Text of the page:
“I’ve always wanted to do something for my country. Asha De Vos is doing great work with whales and ocean education. But Sri Lanka is an island nation which has got so much to offer and I’m surprised that the study of marine biology is not a bigger option here,” she shared. Driving her point further, Vinuri added that she was the only student studying marine biology from Sri Lanka at her university.
“When I was thinking about research topics for my honours year, I happened to attend this random meeting about garbage at a local authority in Adelaide. They spoke of garbage management and a presentation highlighted how garbage was disposed. At one point they presented a graph that showed the top ten countries which were polluting the oceans the most. To my surprise, Sri Lanka was the fifth largest contributor of plastic pollutants,” Vinuri said.
“On my way back from this meeting, I asked many of my friends if they knew that Sri Lanka was the fifth top polluter of oceans, and nobody knew. Then I called my friends and said, ‘I think I know what I’ll do for my research project.’”
Her research supervisor Prof. Gillanders was soon on-board with Vinuri’s idea, as she was already conducting similar research in Australia. “Prof. Gillanders was very keen to see the difference between the two countries. Garbage disposal and waste management is very different in Australia and Sri Lanka, so that aspect was interesting to research too,” Vinuri said.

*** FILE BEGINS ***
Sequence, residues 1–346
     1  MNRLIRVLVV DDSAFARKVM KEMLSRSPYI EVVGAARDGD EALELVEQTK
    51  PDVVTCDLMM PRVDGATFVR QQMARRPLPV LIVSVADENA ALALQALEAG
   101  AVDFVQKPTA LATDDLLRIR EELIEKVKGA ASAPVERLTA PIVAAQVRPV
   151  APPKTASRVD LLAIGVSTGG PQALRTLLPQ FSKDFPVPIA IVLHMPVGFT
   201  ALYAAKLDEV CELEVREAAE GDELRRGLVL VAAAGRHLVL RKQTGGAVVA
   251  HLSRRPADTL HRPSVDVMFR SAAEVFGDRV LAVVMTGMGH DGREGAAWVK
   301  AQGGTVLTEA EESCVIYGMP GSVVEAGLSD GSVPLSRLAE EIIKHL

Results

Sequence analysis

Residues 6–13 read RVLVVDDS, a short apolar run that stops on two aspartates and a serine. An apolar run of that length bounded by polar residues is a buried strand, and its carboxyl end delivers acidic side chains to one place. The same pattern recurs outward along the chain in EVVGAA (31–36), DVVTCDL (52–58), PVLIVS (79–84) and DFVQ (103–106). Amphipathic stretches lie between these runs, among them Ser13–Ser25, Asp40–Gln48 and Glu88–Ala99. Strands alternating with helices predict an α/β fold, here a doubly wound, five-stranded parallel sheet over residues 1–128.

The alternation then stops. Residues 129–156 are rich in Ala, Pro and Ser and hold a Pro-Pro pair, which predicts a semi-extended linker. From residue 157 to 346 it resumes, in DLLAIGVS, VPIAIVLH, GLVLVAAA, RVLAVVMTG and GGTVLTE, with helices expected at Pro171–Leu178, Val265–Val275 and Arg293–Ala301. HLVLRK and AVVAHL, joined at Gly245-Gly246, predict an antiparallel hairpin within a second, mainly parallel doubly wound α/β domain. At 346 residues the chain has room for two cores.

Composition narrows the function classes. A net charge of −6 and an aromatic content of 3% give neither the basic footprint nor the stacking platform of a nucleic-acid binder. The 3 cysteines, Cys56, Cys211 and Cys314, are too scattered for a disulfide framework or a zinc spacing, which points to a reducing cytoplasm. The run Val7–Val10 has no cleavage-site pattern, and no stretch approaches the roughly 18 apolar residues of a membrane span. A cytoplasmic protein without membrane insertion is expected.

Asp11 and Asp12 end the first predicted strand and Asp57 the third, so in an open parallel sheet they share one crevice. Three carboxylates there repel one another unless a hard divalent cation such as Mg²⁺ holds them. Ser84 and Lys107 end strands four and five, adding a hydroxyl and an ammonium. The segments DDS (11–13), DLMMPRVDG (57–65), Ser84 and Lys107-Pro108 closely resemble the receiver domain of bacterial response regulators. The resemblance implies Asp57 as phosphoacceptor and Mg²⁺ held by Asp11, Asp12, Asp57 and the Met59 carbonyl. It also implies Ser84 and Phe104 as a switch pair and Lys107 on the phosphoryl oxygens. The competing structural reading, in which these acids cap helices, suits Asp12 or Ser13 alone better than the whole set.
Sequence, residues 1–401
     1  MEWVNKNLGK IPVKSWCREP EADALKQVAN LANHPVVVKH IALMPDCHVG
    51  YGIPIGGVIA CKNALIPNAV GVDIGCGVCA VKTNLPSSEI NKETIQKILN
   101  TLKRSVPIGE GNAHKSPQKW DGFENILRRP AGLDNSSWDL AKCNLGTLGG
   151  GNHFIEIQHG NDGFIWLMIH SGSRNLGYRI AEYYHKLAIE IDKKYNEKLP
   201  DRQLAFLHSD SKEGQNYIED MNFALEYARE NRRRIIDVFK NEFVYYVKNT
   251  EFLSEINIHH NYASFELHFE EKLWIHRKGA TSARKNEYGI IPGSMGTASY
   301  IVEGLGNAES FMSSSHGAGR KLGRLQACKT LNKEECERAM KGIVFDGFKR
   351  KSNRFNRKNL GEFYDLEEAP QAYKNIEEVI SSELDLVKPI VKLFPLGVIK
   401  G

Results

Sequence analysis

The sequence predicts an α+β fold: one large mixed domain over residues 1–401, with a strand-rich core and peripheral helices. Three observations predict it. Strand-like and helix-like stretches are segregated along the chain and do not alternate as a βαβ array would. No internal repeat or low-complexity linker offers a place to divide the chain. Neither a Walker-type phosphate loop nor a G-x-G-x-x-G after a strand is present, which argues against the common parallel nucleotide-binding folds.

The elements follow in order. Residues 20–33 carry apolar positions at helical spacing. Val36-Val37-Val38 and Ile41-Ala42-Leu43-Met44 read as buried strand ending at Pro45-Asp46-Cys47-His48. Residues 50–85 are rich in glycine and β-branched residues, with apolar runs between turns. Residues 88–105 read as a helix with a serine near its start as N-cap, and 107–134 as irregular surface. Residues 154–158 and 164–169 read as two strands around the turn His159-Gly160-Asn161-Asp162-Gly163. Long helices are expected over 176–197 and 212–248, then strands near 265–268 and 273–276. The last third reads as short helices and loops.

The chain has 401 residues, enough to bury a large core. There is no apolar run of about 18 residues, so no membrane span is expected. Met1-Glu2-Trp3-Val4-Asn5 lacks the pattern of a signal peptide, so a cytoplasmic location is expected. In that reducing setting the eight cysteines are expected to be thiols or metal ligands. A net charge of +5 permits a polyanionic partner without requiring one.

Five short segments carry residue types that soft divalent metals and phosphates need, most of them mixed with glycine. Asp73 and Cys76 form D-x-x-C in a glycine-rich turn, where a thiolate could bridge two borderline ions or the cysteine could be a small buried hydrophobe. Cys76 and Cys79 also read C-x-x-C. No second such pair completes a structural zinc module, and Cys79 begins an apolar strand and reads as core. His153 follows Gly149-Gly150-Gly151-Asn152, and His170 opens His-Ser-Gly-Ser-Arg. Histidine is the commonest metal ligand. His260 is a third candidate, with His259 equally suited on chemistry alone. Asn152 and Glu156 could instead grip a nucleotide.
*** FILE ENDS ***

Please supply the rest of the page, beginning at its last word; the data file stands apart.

Fish for thought
The microplastic particle content in fish is a relatively untouched topic in Sri Lanka, according to Vinuri. “My supervisor gave me the freedom to pick the species and the area. We decided to select smaller species, not only because it’s easier to transport but also because they are consumed whole. I picked three varieties; sprat, herring and sardinella. (haalmassa, hurulla and saalaya) They’re also supposed to be very nutritious as well,” she said adding that their wide consumption was another reason for the selection.
I asked many of my friends if they knew that Sri Lanka was the top fifth polluter of oceans, and nobody knew. Then I called my friends and said, ‘I think I know what I’ll do for my research project